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Healthcare Market Demand Continues to Outstrip Supply Says Knight Frank

The supply of beds in the UK healthcare market reduced for the first time by 177, despite the continuous demand with an expected shortfall of more than 200,000 beds by 2050, according to global property advisor, Knight Frank.

Knight Frank’s ‘Healthcare Development Opportunities’ report outlines the UK care home market consists of older, converted stock that, in some cases, may be considered obsolete. This comes down to size, and lack of en suite or full wetroom facilities. With this in mind, an opportunity presents itself to those willing to repurpose and reposition the current supply. The Covid-19 pandemic highlighted the need to focus on virus control and wellbeing, while ESG and net zero pressures will also play a role in the direction of future supply. However, what is apparent now more than ever is the need to pay attention to the weak points in the current supply and, as a sector, work to rectify these.

While 2022 saw a circa 15% dip in the number of new homes completed, we have seen a promising start to 2023, which is likely to have benefited from the delayed completion of some of homes that had been due to complete last year. In 2022, approximately 10,000 new beds were granted via planning application. This number represents a mix of refurbishment and extensions to existing stock as well as new-build schemes.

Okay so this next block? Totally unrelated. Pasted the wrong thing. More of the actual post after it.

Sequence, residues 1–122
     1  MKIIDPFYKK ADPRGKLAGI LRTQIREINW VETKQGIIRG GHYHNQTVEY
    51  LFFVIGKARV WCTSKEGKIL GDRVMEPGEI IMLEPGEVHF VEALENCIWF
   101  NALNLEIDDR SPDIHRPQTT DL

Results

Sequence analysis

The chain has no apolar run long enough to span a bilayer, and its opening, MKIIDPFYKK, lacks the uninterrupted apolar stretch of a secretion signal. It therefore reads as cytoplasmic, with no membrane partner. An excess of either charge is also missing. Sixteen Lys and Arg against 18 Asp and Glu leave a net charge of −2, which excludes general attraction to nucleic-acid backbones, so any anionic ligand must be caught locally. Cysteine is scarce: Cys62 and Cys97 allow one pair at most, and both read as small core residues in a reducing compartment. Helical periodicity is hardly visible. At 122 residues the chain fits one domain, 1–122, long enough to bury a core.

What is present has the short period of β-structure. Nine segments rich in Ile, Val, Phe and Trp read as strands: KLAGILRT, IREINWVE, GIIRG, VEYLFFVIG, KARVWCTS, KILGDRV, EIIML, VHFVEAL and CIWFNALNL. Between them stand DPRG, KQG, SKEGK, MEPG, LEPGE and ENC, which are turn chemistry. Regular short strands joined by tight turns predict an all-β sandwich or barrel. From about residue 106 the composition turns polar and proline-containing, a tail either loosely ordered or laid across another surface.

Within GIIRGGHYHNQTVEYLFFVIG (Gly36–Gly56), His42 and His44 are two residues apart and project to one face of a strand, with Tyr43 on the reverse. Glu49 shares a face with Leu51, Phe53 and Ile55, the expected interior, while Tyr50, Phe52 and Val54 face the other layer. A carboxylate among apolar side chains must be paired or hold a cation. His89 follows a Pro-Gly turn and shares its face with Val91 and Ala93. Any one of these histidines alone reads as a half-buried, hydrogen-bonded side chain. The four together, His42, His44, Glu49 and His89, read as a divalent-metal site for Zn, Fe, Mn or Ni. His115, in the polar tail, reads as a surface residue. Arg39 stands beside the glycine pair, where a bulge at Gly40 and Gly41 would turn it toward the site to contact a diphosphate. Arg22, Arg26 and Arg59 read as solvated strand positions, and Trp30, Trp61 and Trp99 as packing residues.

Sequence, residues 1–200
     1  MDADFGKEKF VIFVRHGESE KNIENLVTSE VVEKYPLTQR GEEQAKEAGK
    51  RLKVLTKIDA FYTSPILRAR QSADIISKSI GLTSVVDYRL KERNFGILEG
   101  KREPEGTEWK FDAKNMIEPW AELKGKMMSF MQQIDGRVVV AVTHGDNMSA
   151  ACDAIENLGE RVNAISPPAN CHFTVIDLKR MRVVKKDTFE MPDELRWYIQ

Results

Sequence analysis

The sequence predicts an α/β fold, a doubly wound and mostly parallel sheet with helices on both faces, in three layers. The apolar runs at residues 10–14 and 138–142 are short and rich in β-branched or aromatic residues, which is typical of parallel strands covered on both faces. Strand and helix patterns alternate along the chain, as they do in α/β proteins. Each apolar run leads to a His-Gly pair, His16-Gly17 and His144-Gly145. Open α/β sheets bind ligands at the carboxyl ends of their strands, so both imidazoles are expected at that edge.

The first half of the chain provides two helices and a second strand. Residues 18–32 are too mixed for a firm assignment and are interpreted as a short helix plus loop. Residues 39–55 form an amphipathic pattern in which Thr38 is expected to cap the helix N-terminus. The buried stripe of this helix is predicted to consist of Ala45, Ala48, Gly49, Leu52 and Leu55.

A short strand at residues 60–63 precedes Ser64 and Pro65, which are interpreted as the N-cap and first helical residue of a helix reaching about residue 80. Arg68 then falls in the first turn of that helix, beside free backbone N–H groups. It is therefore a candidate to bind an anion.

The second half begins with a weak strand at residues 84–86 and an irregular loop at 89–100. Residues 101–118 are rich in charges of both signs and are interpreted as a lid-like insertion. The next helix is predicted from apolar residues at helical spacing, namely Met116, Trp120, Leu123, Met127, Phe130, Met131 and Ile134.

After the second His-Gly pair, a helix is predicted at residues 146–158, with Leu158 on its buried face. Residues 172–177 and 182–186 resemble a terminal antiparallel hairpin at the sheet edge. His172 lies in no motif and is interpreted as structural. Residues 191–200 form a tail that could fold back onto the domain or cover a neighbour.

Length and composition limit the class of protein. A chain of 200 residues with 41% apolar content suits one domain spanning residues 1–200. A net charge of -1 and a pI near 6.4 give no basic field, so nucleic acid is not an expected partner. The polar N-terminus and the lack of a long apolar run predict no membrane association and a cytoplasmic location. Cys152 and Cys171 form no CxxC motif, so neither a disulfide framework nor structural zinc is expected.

While completion of these schemes will add to the circa 480,000 existing bed supply, an important consideration is the scheme type and delivery potential. Knight Frank’s Development Hotspots Index gives a simplified insight into which locations offer the best prospects for care home development. The index highlights the dominance of the South East and East of England, with seven of the 12 hotspots falling into these regions. This also includes Greater London, which has the second-highest index score this year.

Julian Evans, Head of Healthcare at Knight Frank, said: “The UK elderly care market is at risk of reaching capacity by the end of the decade, and this is a worrying projection. Not only must we build more care homes, but we must take action to support standing stock to reduce the level of home closures, which continues to work against the delivery of new homes as we attempt to grow the supply level.”

 

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